24

Sue’s A to Z Reflections 2022 #AtoZChallenge

This year in addition to completing the challenge on my own blog, I was privileged to have a post on the official Blogging from A to Z blog. Through the comments on my guest post I found some new blogs to visit.

I had written and scheduled my posts before the end of March. This might have left me with more time for visiting and commenting on blogs, but I had not allowed for some health issues and other time-management priorities. It is impossible to follow more than a handful of blogs during the challenge. I seem to remember that the first time I took part we were encouraged to follow five blogs near to us on the sign-up list.

In practice everyone will follow their own interests and find like-minded bloggers.

My thanks go to all those who have visited my blog, especially to the A to Z team. Special thanks to Anjela Curtis for the graphics and J Lenni Dorner for posting my guest post.

I’ll begin with the bloggers, whose posts I did not wish to miss. Apart from the official A to Z Challenge blog and its copy on WordPress I have three favourites.

The quiet writer prepares her posts with attention to detail. She is a seasoned A to Zer. Her previous challenges are worth reading if you missed them. This time she has written about British bridges.
Barbie is another veteran of A to Z. Her posts are interesting and she has links to many challenge participants, promoting visiting and commenting. (I still have to catch up with most of her posts.)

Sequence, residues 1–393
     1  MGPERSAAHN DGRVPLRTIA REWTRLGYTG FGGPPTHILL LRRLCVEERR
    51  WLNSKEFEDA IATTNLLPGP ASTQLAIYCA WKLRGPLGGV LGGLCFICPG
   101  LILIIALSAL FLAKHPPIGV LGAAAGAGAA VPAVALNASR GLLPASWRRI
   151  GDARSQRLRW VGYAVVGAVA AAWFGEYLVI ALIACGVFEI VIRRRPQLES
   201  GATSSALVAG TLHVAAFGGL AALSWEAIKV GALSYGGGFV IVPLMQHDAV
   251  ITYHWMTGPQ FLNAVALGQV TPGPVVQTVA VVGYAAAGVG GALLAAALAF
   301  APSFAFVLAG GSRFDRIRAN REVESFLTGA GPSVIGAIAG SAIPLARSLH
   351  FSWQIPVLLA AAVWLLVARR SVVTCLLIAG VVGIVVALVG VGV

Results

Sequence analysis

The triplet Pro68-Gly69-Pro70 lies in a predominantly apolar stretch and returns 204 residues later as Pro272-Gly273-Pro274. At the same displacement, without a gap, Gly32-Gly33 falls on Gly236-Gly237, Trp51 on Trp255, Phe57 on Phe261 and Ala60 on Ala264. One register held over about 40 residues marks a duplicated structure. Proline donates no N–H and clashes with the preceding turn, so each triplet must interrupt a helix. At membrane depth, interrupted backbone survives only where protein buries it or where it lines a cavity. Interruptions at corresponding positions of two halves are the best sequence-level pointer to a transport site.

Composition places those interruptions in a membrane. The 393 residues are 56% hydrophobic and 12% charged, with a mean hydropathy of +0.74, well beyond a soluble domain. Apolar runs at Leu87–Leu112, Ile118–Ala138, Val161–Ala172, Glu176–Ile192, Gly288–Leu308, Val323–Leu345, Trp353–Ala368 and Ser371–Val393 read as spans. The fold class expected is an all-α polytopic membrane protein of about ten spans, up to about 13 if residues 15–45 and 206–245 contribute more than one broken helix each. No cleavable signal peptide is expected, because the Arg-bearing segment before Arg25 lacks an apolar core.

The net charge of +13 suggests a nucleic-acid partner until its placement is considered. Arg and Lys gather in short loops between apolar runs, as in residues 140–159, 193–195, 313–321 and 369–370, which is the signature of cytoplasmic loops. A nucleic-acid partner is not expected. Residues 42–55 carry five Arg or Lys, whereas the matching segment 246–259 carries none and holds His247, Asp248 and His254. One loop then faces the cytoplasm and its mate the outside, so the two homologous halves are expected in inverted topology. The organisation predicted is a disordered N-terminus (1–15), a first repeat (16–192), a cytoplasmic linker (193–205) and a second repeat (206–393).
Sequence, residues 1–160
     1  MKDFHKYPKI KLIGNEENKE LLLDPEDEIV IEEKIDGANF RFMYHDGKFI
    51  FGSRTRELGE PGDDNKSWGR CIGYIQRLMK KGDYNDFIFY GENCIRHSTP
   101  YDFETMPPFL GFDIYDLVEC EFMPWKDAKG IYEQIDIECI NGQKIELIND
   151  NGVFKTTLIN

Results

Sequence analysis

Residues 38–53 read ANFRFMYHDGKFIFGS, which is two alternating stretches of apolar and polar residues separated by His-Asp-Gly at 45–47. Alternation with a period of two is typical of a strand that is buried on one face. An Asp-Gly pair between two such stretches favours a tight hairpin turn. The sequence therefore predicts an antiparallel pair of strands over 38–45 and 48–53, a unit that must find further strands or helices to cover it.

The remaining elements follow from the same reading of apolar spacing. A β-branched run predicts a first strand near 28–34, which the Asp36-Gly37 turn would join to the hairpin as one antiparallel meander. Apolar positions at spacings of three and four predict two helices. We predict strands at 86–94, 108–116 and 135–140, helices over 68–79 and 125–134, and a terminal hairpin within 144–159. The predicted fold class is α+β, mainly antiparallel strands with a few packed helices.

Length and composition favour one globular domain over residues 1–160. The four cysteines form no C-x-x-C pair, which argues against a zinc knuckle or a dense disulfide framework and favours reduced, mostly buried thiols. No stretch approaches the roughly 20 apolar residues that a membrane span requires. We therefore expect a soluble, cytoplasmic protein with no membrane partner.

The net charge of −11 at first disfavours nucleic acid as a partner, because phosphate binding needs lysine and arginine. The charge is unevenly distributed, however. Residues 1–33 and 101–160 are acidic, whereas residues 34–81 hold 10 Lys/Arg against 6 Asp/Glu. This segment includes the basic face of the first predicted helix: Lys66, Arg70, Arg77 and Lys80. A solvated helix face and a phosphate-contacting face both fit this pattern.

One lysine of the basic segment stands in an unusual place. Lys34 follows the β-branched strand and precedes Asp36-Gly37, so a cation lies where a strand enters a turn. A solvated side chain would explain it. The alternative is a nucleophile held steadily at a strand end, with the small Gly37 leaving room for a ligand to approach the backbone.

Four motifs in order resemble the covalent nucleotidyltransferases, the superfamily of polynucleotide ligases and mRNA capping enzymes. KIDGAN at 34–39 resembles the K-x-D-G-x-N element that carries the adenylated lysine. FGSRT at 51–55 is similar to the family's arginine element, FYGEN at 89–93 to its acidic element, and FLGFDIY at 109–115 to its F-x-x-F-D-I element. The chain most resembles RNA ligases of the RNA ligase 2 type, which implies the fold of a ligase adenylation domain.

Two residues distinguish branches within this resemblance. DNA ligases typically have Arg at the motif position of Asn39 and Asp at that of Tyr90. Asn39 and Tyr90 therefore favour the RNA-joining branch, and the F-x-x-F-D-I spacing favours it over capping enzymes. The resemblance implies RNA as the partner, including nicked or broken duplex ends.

Lynne has done the challenge a few times, but missed the sign-up list this time. Her coloured quirky sketches show street scenes in Peterborough, England – a place I have not visited.

When I signed up to the A to Z Challenge his year I didn’t click the ‘look for new blogs’ check box. New blogs came looking for me!

New blogs to me

Janet Woods’ thoughts is a blog I intend to revisit.
Lady Lee Manila’s theme was poetic forms – some which were new to me.
More poetry from Imagery77, and from Monty at montysblahg.

I found it difficult to comment on this blog, but the owners were very supportive of my A to Z. Thank you Rishie and Bilbo.
Cheryl‘s personal blog.
Ronel writes about books.
A good story by a supportive blogger, Leslie, was too painful for me to read at the present time.

Genealogy is a recent hobby of mine, so I may catch up with Anne Young’s blog later.
A thought-provoking post from Barb Klein.
Unfortunately I cannot strain my eyes by trying to reading purple on black or I’d have spent more time reading a post about rockets from Regina.
Anne’s blog looks interesting but the text size is very small. (Almost ten years of blogging has not improved my eyesight!)